Adversity, Innovation, and Collaboration

Adversity Innovation and Collaboration

I was recently thinking of an article featuring an interview from Harvard Professor, Dr. John Kotter, published last year. In it he says, “Whenever you have changing conditions and turbulence, it’s actually full of opportunities.” He continues to say that, for this reason, those leading change should have an appetite for times of turbulence. We all know of the importance of positive change, but when you’re actually going through it, each day can feel like new territory. Sometimes it can seem like you don’t have your footing, but these new territories are the spaces where innovation happens. Although it’s uncomfortable, that’s where you should strive to be.

Good Times and Bad Habits

“Good times allow people to have a lot of bad habits and get away with them. Adversity is a brilliant platform for a company to say, ‘Let’s not make the goal just to survive, to not get hurt too badly – let’s make the goal to actually advance and end up in a better position than we are today.’” – Dr. Kotter

As leaders within organizations, we are constantly battling the adversity of a volatile market. Many organizations, some of the most successful ones the world over, look to their past successes as evidence to maintain their course and continue doing things the way they always have. Eventually, the success rate on this strategy will run out and the results can be a killer. If you’re going to rely on an across-the-board tactic, it should be to always be flexible and adapting. You can’t stop the market from being volatile, competition from edging in, or the tide from rising, but you can change your response to these inevitable pressures. If you do, you’ll find your organization producing faster change and with better innovations over time.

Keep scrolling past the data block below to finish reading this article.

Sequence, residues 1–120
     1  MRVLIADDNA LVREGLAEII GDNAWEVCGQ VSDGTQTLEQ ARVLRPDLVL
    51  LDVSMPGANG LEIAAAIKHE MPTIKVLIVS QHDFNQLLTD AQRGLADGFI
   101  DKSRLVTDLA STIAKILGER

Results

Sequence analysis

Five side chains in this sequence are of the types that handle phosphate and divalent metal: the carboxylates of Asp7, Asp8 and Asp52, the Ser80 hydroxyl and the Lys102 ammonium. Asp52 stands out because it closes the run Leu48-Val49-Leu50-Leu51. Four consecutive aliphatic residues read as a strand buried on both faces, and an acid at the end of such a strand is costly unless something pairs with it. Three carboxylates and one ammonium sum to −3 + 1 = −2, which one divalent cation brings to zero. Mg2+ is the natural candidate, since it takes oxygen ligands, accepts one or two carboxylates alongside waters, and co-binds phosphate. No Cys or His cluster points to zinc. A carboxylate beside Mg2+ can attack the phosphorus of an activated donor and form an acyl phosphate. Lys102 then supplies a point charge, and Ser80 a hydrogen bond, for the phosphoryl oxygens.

Relying on Collaboration as the Fuel for Innovation

In today’s business world of increased connectivity, your top collaborators are your go-to resource, but be careful, relying on too few individuals can actually be a detriment to your organization. Assigning an innovation czar, or forming an innovation team, or counting too much on your top collaborators can have a reverse effect on company culture. People start seeing the task of solving problems and bringing new ideas to the table as being outside of their confined job description.

A study from the Harvard Business Review found that 50% of top performers in among the surveyed organizations also ranked as the top collaborators, but relying on these top collaborators too much actually created bottleneck in the workflow. Those that work across disciplines, the collaborators that are willing to go above and beyond, are crucial to disseminating the vision for innovation, but to truly make the most of these new territories and opportunities, you must involve all of your team.

A Final Note from Dr. Kotter

“You have to make it clear, when you’re trying new things, that you’re not going to get it all right. In a traditional mature organization there’s so much emphasis on keeping the trains running on time that if a train is late, the first instinct is to figure out who to blame. When you’re dealing with inventing the future, that’s just a terrible instinct. It’ll deter people who want to get involved, be creative and take intelligent risks. It’s deadly.”

Keep your team collaborative by eliminating the fear of failure. Invite more to people to bring their creative ideas to the conversation. In moments of fast-changing market conditions, innovation and change are more than necessary. But, if you worry too much, or limit the number of people who get to participate in helping the organization grow, you’re missing the mark and you’ll never find the right change to make.

If you want to learn more about how your organization can adapt its practices to better deal with change, contact me today!